Hidemasa Kimura MXY8 Akikusa
When developing the Mitsubishi J8M1 (Me-163 copy) the Japanese were unfamiliar with the handling characteristics of aircraft lacking a conventional horizontal tail. To provide a means of expediting the training of pilots eventually to be assigned to the rocket-driven fighter, the Scientific Division of the Navy Air Technical Arsenal at Yokosuka had been assigned the task of creating a full-scale wooden glider version of the Shusui. While definitive design work and prototype construction proceeded at Nagoya, Hidemasa Kimura who had been responsible for the Tachikawa-built A-2600 that had created a new international closed-circuit distance record developed the glider which was known as the MXY8 Akikusa (Autumn Grass). This was flown for the first time at the Hyakurigahara airfield, the base of the 312th Naval Air Group which, it had been decided, would be the first recipient of the Shusui. This event took place on 8 December, its pilot being Lt Cdr Toyohiko Inuzuka who had taken the place of Lt Cdr One as the project test pilot after the latter had been taken ill. The Akikusa glider was towed into the air by a Kyushu K10W1 and its handling characteris-tics received a highly favourable report from Jnuzuka. The second Akikusa was sent to the Army Aerotechnical Research Institute, the Rikugun Kokugijutsu Kenkyujo, at Tachikawa where it was tested by Col Aramaki with similarly successful results.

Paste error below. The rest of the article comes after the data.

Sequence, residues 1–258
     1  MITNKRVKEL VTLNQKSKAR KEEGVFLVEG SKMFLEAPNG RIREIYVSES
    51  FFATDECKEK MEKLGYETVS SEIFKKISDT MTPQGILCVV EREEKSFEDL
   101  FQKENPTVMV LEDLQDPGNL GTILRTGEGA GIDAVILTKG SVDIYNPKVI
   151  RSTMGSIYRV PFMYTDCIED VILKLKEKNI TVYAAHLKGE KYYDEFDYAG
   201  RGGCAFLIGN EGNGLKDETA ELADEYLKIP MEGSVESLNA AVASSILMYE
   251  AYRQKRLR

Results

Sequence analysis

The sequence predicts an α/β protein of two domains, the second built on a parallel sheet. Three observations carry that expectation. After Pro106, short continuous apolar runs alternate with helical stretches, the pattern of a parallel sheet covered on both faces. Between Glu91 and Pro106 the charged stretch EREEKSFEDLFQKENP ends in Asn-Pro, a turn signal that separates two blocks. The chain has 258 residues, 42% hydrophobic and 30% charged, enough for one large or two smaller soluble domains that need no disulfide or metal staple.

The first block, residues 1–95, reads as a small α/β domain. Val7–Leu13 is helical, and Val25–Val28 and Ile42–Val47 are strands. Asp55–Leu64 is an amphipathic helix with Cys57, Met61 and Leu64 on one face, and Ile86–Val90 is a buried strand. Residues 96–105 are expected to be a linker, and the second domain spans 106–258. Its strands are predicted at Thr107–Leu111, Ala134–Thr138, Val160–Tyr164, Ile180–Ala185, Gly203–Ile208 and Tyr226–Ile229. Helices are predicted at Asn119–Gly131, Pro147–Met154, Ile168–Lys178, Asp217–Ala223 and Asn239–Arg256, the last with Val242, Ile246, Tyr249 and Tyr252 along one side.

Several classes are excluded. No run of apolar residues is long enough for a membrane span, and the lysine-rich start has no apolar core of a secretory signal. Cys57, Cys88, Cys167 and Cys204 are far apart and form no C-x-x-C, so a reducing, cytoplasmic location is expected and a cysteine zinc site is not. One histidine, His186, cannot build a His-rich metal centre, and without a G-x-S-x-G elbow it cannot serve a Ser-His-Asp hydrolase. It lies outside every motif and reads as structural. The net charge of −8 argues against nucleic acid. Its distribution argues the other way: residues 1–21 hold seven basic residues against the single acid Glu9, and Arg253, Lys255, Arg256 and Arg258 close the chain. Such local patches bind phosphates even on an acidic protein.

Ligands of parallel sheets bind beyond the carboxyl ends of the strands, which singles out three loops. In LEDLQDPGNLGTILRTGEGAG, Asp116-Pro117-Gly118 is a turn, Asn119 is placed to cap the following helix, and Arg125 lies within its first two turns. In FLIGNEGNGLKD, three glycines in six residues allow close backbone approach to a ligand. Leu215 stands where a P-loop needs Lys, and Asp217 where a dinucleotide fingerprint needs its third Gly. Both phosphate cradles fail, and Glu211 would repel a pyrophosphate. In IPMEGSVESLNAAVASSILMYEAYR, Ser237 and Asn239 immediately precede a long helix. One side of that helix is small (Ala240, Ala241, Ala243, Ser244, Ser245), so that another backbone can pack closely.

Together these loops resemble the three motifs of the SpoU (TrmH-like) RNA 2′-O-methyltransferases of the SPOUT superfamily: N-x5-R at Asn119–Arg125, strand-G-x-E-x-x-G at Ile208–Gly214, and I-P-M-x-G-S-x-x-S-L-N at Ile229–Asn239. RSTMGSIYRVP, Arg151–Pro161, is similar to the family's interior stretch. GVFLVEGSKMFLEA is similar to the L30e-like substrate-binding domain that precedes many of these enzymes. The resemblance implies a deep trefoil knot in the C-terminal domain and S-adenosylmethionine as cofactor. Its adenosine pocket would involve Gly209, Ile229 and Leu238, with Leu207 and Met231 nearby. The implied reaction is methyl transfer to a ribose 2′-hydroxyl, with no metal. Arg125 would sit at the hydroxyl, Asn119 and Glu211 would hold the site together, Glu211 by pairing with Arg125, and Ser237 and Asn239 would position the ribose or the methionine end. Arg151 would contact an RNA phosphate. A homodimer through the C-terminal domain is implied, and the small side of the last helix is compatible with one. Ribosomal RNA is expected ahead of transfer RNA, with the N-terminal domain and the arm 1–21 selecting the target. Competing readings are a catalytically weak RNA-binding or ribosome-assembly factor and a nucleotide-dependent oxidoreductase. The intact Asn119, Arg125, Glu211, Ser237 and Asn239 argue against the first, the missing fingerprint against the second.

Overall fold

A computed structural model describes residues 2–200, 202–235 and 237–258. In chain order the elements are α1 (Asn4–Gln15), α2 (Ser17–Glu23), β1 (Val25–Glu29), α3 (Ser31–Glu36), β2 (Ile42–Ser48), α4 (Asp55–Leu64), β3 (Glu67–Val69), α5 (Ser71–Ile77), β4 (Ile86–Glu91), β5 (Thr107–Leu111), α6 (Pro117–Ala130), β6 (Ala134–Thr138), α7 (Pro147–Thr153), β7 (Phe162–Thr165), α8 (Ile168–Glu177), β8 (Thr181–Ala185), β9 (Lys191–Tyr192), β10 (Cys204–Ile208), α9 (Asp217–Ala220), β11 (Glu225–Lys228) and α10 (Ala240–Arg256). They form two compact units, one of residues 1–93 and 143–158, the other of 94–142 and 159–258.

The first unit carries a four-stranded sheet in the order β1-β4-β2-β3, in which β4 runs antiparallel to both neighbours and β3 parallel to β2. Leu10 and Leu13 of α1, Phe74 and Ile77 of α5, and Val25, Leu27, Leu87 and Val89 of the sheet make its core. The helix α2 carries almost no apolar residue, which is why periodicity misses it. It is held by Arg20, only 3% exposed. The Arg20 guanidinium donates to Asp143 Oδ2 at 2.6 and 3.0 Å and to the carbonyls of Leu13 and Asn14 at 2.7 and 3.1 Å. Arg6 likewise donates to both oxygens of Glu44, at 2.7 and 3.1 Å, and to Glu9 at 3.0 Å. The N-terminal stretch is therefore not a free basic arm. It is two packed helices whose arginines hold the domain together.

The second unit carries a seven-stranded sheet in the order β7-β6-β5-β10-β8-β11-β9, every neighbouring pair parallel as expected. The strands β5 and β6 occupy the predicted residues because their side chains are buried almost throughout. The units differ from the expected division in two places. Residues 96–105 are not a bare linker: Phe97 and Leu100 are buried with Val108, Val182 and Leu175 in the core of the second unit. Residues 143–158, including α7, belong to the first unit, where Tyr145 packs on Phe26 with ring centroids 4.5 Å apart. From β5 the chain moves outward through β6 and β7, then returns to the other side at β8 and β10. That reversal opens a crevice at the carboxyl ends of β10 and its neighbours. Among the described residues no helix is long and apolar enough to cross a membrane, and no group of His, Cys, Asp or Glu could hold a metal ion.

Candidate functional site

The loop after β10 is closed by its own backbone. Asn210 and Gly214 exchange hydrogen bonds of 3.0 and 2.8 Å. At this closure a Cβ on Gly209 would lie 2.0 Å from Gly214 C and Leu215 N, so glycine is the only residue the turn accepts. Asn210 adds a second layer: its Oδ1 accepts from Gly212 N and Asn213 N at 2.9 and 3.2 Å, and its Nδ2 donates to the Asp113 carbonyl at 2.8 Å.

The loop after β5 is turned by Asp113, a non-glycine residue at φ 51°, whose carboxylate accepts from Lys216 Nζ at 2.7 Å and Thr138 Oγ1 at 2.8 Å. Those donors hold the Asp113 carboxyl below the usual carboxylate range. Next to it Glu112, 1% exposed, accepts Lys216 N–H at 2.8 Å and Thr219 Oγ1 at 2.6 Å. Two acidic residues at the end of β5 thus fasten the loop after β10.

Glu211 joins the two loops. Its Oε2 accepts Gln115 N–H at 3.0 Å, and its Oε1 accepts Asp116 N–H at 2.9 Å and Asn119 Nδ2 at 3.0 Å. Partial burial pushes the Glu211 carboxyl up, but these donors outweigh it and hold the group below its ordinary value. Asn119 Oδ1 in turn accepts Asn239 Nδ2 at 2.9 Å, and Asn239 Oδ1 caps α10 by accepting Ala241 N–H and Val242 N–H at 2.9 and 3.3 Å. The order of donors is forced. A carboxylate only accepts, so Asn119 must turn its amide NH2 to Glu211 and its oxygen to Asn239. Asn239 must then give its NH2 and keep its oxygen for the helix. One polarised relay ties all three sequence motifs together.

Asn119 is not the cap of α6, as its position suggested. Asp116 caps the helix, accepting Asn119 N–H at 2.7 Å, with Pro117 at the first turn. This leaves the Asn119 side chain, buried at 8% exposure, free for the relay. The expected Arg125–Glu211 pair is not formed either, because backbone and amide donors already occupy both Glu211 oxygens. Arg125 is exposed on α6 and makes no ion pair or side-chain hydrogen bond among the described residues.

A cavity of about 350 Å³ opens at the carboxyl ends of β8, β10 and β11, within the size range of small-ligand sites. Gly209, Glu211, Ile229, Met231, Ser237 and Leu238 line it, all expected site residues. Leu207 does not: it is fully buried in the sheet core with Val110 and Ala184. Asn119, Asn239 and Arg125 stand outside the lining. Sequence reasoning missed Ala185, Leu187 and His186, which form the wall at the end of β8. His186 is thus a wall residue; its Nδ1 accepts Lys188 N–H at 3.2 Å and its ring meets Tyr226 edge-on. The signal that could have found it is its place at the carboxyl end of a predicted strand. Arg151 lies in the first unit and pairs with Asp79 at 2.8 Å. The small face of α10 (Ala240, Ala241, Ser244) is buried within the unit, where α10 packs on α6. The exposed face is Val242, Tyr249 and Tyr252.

On 1 December, the completed structural test specimen was inspected and approved by both services, but a week later, on 7 December, the Tokai district, in which Nagoya was situated, was wracked by strong earth tremors and the airframe, which was undergoing loading tests, was overstressed and suffered distortion, On 18 December, the Ohe plant in which the “heavy gliders” were being built suffered a heavy attack from B-29 Superfortresses and it was decided to transfer the salvaged airframes, together with the structural test specimen, to a plant that had been created in a mountain cave at Taura, Yokosuka, although the Ohe plant continued, together with the Nanko plant, to build a number of pre-series Shusui interceptors. Despite these setbacks, the first “heavy glider” Shusui was test flown by Lt Cdr Inuzuka at Hyakürigahara airfield on 8 January 1945, after being towed into the air by a Nakajima B6N1 Tenzan attack bomber.
For the initial flight, the engineless Shusui weighed 2,286 lb (1037 kg) and the Cl was situated at 16.8 per cent of the aerodynamic mean chord, Inuzuka confirming that there was no difference between the handling characteristics of this “heavy glider” and the Akikusa apart from a minor change of trim at take-off. During subsequent flights, some devon vibration was experienced at gliding speeds in excess of 184 mph (296 km/h) but this was eradicated when the gap between the wing and elevon was reduced and the Frise balance near the devon tip shortened. Various problems were encountered in the oil pressure system, but these were quickly resolved and in March all Navy flight testing of the “heavy glider” was to be pronounced satisfactorily completed. The second “heavy glider” was tested by the Navy at the Kashiwa airfield, Chiba, and this was eventually to be tested also by the Army. These tests were not to commence until August, and at an early stage in the trials, the Shusui parted company with its towplane prematurely and crashed in a pine forest, its pilot suffering injuries.